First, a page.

Say somebody loses their wallet, or even carelessly leaves it somewhere. We’re not talking about being robbed by a mugger; we’re not talking about being pickpocketed. We’re talking about a wallet left right there, out in the open.
The world is full of people who will pick up that wallet and keep it, sure, and we expect that. The world is also full of people who will open the wallet, take out the cash, and then turn it into lost and found or mail it back to the address on the driver’s license, and that doesn’t surprise us either. But halfway decent people who see a wallet sitting there out in the open don’t view the mere act of the wallet being left there as an invitation to its contents. Halfway decent people see the wallet and leave its contents intact. And good people see the wallet, pick it up, leave its contents intact, and try to get it safely back to its owner.
In the world we live in, it’s admittedly naïve not to protect your personal belongings, and most of us will "blame ourselves" if we leave our wallet someplace and all the cash gets taken out of it. But just because you left your wallet someplace doesn’t make it right that someone took your money. That’s still wrong.
In the world we live in, it’s admittedly naïve for women* not to do everything they can to protect themselves. And the world is full of arguments that will compare various behaviors by victims to the "lost wallet" scenario (or, still worse and my personal least-favorite, the "walking down a dark alley talking loudly about how much money you have in your pocket" scenario). But a wallet isn’t a person’s right to physical safety. And while "leaving a wallet out in the open" is a fairly cut-and-dried situation, standards of "acceptable" behavior or dress for women vary widely among cultures. "Dressed like you’re asking for it" means something different in Iran than it does in Brazil, it meant something different two hundred years ago than it does now, and it means different things in different communities in America. "Dressed like you’re asking for it," and all of its various cousins, will depend entirely on a victim’s culture. And the culture that these concepts depend on is a culture that ultimately believes perpetrators can’t control themselves and aren’t responsible for their sexual behavior when "tempted" by a victim’s actions or behavior. We do young men* a moral disservice every time we blame a victim for a rape because of how she was dressed, or ask her "what were you doing out alone at that hour?" We set the stage for "date"/"acquaintance" rape when we imply that when a woman’s body is "left out in the open" in some way — because of a short skirt, or too many drinks — it’s in any way acceptable to engage in any type of sexual contact without her explicit consent.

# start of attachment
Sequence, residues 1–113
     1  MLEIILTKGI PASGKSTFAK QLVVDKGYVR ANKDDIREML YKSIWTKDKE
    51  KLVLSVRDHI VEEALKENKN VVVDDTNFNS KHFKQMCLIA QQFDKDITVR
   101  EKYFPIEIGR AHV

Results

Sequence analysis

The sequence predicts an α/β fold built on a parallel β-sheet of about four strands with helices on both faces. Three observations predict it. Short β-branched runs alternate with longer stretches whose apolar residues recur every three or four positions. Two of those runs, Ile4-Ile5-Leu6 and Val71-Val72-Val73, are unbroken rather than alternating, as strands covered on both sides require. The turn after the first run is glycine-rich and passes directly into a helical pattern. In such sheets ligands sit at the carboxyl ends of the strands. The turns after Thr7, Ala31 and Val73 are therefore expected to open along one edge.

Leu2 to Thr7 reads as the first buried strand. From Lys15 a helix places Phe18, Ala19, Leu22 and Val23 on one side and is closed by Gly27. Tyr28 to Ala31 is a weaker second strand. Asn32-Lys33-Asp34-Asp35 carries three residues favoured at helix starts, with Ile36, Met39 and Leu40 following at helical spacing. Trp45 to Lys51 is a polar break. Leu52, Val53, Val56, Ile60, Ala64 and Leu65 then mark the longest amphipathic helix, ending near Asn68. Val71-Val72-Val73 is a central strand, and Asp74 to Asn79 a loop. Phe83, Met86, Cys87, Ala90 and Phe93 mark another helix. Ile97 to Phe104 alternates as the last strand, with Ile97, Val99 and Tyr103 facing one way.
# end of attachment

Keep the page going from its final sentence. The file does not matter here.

It makes as little sense, from a moral perspective, as raising children to believe that when a wallet is left on a park bench, the money they find inside is theirs for the taking.
We will probably, and unfortunately, never live in a world where we don’t need to take steps to protect our belongings, and where women don’t need to take steps to protect their bodies. But we should hold ourselves to a higher standard than we do now, and make every effort to be the kind of good people who return lost wallets and understand that nothing a woman does is ever, ever, ever an invitation to sexual assault.
*I use "women" and "men" here as general terms because, statistically, most sexual assaults are committed against women by men; I know this is not always the case but I used these terms for brevity, and I believe and hope that eradicating the culture of victim-blaming will protect all possible victims of sexual assault.